Affectionately known as big boned beauties, the Norwegian Forest cats are fiercely loyal and will often become the constant side kick of their owners. Naturally easy going and placed, Norwegians make excelled loving family cats that are good with children. The facts Temperament: Home-loving, loyal and intelligent Average Life Span: 13 – 14 years Coat… Read more »
Affectionately known as big boned beauties, the Norwegian Forest cats are fiercely loyal and will often become the constant side kick of their owners. Naturally easy going and placed, Norwegians make excelled loving family cats that are good with children.
- Temperament: Home-loving, loyal and intelligent
- Average Life Span: 13 – 14 years
- Coat length: medium – long
- Grooming required: High – Daily grooming required
Along with Maine Coons they are one of the largest of the cat breeds, yet they have long elegant builds finished with a semi-long haired coat. They have wide expressive eyes and come in a huge variety of colours, but as standard they come with a thick fluffy double coat, a throwback to their origins of living through Scandinavian winters.
The breed appeared in Norway in around 1,000AD courtesy of the Vikings but their origins date back further than that to Turkey, Spain, Africa and Russia. The breed adapted to the cold Scandinavian winters thanks to their thick, insulated, water-repellent overcoats. They were very popular amongst farmers and they were named as a breed in their own right in the 1930s but interest waned during World War II and the breed almost became extinct in the 1970s. Luckily the breed was revived by some very enthusiastic breeders and Norwegian Forest cats were established in the USA in 1979 and then in the UK in 1980.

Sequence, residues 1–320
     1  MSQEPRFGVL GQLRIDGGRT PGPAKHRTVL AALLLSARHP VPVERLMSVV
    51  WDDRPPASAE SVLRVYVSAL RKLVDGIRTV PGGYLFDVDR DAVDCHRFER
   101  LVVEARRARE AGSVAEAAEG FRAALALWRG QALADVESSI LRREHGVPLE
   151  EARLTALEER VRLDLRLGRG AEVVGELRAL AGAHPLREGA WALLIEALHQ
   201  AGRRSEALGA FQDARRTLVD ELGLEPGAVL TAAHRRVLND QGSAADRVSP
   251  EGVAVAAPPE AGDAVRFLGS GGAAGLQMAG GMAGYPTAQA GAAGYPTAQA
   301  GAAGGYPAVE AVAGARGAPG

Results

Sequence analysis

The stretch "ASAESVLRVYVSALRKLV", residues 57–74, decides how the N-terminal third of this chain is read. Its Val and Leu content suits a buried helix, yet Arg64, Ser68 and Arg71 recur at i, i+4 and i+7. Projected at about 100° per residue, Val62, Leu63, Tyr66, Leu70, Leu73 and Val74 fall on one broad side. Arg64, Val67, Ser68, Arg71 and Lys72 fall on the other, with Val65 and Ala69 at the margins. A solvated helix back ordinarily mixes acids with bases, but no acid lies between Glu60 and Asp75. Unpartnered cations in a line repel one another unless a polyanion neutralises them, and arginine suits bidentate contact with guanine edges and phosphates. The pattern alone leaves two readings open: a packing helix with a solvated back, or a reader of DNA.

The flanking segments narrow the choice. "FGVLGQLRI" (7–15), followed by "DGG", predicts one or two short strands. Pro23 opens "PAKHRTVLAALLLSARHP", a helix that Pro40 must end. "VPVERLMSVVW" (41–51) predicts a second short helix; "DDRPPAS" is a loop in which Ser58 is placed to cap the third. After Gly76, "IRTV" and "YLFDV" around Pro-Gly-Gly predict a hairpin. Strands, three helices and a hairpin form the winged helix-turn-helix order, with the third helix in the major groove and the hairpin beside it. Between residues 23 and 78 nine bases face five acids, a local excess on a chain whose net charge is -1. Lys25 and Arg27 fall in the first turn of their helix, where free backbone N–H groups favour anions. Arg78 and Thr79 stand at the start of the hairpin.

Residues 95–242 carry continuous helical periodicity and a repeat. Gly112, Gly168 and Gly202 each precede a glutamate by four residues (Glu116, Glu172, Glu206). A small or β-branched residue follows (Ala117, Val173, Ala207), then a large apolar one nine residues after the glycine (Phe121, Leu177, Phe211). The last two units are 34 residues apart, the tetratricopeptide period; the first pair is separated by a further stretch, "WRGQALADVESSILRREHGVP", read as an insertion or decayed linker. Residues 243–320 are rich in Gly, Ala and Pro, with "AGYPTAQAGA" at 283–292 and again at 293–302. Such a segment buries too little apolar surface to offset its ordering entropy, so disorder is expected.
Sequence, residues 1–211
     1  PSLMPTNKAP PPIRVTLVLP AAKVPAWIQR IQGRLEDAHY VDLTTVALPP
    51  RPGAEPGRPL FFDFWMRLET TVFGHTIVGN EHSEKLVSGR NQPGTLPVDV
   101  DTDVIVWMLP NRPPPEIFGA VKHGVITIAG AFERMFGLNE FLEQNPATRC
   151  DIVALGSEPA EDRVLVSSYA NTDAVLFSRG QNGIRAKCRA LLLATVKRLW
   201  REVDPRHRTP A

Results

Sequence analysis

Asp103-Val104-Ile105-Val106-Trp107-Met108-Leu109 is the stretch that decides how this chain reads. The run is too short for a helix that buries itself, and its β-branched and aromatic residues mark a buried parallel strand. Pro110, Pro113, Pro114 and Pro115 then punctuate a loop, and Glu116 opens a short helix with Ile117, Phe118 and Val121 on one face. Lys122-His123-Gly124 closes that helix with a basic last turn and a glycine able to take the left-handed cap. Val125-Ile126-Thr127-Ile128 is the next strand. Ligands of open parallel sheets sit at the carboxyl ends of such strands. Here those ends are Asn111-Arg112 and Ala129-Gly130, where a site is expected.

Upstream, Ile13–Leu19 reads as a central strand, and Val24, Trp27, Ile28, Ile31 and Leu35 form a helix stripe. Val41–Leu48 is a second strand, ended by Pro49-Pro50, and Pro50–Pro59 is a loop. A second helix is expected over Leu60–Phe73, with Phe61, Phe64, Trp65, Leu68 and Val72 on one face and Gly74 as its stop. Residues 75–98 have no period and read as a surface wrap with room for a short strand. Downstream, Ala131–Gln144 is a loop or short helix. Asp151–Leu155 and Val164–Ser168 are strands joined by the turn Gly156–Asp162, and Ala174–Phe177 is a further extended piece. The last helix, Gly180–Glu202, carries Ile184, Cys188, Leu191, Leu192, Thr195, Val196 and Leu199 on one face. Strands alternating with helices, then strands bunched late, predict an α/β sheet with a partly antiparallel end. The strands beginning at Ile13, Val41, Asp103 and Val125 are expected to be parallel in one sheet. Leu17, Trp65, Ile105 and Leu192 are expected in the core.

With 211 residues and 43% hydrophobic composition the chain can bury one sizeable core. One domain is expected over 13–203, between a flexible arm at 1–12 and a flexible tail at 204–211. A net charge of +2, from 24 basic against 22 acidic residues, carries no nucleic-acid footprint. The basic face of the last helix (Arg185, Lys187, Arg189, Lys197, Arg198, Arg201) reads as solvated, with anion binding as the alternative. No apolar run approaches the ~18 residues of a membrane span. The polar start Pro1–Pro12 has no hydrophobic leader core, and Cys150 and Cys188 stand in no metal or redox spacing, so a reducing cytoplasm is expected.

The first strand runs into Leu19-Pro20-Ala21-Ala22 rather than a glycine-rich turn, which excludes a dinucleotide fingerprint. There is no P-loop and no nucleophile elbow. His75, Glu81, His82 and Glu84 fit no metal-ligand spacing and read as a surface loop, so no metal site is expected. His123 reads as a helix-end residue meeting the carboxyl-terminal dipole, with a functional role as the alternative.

All have varying incidences of health problems that may be genetic. Problems that may affect the Norwegian Forest include the following:
- Hypertrophy Cardiomyopathy (HCM) – a form of heart disease.
- Polycystic Kidney Disease
- Retinal Dysplasia
- Glycogen Storage Disease IV (extremely rare)
Norwegian myths tell of the Skogkatt, a large, long-haired “mountain-dwelling fairy cat with an ability to climb sheer rock faces that other cats could not manage.” Thanks to their size, coats, and tree-climbing prowess, the Norwegian Forest cat may have served as the real-life inspiration for the skogkatt (which translates to “forest cat”).